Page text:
Seeing a need for Wi-Fi access in the neighborhood, Robert partnered with Grizzlies majority owner Robert Pera, and future Tech901 instructor, Blair Perry to develop an after-school tech club at Memphis Collegiate. Through that program, students and BDC staff conducted multiple Wi-Fi around the Binghampton neighborhood, providing free internet access to the community while empowering students with professional skills that could grow into careers. 

“The students loved it,” Montague said. “So, Blair and I began exploring ways to expand it.”

Their research found that many major corporations were moving IT jobs out of Memphis due to a need for a trained workforce— a dwindling force due to a systemic mix of economic, educational, and racial issues coupled with rising post-high school education costs.

Soil from one neighborhood could not fill Memphis’ tech talent sinkhole. The solution had to tap into and serve the whole city.

“We realized we had to look at this issue from a Memphis community perspective, not just a neighborhood perspective,” Montague said. “Tech901 launched out of that realization.”

Robert Montague and Aaron LameyMontague continued, “We connected with people like Steve Bargiacchi at Pro-Tech and Rob Carter at FedEx. Through these connections, we quickly realized that Memphis is unique. Because of how many corporate headquarters are here, the amount of help-desk, hardware, IT security, and medical tech jobs available is staggering.”

Tech901 started small, beginning with their IT Foundations course. While initially exclusively focused on recent high school graduates, local corporations had yet to trust the organization’s training. 

After expanding the applicant pool to adults of all ages, Tech901 built its reputation organically.

“We had to shift the perspective of those hiring that our trainees are not charity hires,” Montague said. “While their path may be non-traditional, completing our program takes hard work, and they had to attain the same A+ certification as everyone else. We didn’t have to worry about that for long, though.”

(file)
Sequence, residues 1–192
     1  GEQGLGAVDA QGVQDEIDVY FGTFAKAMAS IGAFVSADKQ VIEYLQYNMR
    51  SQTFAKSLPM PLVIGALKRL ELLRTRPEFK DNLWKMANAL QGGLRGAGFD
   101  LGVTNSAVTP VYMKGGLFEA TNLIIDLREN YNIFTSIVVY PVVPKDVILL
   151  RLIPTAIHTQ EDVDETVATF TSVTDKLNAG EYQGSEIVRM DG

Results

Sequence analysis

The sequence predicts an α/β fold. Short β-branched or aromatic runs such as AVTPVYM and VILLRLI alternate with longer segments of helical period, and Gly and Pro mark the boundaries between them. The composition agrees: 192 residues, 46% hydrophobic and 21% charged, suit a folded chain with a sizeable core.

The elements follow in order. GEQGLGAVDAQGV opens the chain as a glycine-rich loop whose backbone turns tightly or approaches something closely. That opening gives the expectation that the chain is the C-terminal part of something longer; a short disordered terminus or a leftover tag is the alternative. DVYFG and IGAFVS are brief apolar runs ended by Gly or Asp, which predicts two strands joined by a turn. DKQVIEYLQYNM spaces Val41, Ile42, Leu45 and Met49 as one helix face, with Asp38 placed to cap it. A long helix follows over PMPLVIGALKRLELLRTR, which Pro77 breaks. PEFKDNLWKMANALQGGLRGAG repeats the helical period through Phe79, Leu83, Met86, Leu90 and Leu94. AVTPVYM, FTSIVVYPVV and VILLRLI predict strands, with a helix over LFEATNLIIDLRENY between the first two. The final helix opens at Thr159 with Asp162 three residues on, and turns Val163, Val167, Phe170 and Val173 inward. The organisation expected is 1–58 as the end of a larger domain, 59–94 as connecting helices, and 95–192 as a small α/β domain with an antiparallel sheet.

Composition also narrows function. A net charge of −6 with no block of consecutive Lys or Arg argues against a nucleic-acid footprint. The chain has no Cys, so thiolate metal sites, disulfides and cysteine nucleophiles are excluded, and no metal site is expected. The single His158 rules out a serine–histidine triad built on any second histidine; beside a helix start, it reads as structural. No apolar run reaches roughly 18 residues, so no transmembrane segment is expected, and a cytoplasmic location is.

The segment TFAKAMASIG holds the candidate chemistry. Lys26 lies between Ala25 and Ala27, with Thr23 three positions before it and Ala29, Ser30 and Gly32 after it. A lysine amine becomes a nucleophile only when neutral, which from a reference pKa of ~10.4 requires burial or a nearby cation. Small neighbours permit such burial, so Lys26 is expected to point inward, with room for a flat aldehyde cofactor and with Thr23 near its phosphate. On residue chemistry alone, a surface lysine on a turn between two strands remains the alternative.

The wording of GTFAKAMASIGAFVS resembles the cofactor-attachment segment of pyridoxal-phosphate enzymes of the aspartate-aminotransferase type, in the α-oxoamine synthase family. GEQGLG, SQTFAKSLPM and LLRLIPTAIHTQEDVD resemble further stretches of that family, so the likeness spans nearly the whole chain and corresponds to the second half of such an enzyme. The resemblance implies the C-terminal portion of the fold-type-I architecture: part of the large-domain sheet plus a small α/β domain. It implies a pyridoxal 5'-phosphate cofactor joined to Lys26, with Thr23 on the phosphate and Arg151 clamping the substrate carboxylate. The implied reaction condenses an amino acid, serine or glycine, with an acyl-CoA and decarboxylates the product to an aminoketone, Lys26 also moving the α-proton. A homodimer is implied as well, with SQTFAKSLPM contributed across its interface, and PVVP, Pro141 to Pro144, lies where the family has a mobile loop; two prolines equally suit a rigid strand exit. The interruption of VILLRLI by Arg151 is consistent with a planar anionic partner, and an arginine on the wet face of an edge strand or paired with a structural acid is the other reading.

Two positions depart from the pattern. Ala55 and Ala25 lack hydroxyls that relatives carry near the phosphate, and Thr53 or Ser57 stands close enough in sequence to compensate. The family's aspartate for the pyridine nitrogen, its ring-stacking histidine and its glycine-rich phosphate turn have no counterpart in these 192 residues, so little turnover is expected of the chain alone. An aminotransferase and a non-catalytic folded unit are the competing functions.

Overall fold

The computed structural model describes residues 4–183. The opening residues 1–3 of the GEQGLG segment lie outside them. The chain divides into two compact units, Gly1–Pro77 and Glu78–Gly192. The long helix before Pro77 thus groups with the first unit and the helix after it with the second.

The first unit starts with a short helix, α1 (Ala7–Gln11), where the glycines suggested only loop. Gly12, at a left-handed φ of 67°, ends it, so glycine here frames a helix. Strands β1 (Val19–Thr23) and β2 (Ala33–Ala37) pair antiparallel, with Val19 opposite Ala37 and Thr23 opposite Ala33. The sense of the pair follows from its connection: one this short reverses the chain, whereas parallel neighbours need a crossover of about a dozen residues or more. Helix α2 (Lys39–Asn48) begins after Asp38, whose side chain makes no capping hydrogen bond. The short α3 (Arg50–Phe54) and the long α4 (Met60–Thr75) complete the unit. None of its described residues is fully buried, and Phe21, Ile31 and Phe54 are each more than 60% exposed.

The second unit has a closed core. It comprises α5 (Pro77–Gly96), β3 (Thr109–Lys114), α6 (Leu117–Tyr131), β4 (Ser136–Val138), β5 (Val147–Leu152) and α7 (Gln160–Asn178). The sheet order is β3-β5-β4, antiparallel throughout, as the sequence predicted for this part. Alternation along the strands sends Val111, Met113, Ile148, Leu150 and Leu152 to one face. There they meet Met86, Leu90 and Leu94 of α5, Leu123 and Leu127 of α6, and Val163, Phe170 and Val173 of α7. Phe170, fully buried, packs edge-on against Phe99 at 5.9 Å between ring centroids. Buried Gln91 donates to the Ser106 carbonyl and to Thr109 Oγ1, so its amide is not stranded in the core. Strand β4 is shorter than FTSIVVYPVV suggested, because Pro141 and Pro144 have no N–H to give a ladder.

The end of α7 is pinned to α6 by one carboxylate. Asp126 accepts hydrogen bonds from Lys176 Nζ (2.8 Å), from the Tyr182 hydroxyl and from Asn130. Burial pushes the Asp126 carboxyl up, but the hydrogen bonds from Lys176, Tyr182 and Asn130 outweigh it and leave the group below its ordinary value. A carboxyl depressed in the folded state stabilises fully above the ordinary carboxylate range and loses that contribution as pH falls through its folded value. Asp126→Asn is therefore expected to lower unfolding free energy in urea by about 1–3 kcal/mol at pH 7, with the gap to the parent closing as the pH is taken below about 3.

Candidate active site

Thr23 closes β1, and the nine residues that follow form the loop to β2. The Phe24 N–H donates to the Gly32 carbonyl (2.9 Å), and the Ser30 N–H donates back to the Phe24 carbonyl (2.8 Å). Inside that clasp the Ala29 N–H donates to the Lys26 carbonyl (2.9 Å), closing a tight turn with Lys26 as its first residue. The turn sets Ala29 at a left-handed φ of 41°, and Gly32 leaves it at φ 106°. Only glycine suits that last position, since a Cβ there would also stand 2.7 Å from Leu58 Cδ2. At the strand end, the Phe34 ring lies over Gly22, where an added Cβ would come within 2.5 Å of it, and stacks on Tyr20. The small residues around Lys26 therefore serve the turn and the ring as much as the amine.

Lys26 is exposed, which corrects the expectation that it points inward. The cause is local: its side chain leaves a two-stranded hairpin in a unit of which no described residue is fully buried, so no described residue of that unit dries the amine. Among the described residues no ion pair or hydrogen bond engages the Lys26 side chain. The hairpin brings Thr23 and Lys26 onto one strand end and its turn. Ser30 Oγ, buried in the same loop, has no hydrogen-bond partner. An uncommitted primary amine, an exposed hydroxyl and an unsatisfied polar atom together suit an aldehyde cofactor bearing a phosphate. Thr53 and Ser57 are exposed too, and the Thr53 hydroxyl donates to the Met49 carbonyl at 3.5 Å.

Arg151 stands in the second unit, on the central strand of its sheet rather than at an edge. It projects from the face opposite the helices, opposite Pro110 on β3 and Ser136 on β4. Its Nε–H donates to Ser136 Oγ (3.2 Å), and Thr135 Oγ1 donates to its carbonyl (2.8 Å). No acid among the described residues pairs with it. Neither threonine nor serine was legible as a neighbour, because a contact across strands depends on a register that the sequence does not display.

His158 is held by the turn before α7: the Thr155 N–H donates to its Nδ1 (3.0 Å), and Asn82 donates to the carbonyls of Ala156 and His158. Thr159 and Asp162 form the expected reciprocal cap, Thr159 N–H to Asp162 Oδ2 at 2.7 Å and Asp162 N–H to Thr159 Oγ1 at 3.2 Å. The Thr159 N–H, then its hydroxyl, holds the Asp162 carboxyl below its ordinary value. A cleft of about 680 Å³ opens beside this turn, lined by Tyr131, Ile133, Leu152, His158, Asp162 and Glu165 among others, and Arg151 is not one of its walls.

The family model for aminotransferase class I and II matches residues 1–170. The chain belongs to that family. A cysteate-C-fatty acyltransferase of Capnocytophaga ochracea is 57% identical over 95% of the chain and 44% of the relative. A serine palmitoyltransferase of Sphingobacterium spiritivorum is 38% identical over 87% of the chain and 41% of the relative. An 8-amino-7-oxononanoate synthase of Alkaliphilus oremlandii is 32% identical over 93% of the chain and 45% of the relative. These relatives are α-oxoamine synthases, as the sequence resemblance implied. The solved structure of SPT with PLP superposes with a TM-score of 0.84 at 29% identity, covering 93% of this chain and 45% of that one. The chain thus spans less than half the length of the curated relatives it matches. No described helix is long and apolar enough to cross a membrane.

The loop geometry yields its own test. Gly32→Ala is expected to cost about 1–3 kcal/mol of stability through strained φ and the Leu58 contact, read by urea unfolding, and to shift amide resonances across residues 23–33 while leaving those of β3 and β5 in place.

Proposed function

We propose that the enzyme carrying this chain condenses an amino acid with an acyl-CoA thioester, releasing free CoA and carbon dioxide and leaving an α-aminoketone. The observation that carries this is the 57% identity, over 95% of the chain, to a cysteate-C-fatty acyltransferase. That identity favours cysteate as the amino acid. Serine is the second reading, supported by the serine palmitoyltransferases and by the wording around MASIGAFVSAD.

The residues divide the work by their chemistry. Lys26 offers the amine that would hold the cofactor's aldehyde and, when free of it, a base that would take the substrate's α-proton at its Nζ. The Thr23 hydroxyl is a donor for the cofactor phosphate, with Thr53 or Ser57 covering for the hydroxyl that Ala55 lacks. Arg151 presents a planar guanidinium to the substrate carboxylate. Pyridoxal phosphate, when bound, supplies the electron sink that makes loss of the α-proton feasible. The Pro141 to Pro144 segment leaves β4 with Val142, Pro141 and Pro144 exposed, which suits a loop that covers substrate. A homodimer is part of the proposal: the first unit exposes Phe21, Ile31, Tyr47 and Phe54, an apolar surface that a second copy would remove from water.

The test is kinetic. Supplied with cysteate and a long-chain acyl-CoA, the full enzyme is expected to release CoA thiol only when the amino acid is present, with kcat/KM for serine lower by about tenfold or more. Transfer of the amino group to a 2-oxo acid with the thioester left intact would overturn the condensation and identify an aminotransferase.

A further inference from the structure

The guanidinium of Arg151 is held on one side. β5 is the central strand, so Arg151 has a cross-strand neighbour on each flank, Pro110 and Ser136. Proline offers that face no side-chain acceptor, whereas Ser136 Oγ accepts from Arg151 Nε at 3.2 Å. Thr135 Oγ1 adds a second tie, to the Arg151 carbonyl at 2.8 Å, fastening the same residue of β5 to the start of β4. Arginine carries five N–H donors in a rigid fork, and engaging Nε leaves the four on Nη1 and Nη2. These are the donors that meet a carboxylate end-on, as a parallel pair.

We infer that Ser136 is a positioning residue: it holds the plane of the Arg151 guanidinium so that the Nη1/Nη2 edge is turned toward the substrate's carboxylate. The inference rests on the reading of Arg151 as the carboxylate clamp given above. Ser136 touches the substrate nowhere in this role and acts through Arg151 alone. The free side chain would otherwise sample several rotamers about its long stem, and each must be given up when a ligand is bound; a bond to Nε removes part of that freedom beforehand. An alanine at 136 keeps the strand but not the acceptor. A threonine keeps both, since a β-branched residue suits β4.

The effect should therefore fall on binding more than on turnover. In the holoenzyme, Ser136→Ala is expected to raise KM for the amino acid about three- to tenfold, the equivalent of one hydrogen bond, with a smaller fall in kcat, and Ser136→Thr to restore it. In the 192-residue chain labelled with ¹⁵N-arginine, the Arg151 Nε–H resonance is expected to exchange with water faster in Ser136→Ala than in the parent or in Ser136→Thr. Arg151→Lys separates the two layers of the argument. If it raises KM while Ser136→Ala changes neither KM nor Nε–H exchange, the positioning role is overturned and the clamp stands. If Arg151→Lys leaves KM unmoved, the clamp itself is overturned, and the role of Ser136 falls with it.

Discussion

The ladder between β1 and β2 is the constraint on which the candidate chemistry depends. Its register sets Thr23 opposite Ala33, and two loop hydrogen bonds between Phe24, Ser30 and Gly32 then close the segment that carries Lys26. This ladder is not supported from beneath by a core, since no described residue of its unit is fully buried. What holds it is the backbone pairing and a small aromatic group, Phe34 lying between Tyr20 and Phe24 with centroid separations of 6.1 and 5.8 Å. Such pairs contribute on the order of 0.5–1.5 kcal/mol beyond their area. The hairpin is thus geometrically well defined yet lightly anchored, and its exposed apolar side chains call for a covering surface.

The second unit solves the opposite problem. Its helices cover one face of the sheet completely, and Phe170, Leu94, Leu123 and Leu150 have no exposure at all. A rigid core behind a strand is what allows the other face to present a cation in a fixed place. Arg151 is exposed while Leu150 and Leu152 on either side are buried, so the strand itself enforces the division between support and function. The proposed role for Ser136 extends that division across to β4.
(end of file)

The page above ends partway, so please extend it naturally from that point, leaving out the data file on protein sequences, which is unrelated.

As Tech901 grads started securing jobs, word of their high-quality performance spread quickly.

“Soon, you saw employers ready to hire from our next graduating class, often coming to us with a job description in hand,” Montague said.

As more alums excelled in their roles, enrollments were on the rise. In 2017, Tech901 moved into the newly opened Crosstown Concourse and expanded its class offerings. But to meet demand, they had to call for more instructors.

On a late-night scroll, Aaron Lamey — then Director of Networking at Christian Brothers University — felt compelled to apply, drawn to Tech901’s mission of filling in the gaps in Memphis’ IT community.

“When I joined, Tech901 had recently jumped from 100 students a year on average to 300,” Lamey said. “There was a period where I had the same group of students through each of my classes over 9 months, which was incredible.”

Lamey continued, “I got to see their growth and play a key role in equipping them for their career pursuits, which made my work beyond fulfilling.”

By the end of 2019, Aaron felt called to do more. He started his own company, MemFi Networks while working as an adjunct instructor for Tech901. But rather than hire outside of Memphis, he drew talent exclusively from Tech901 alums.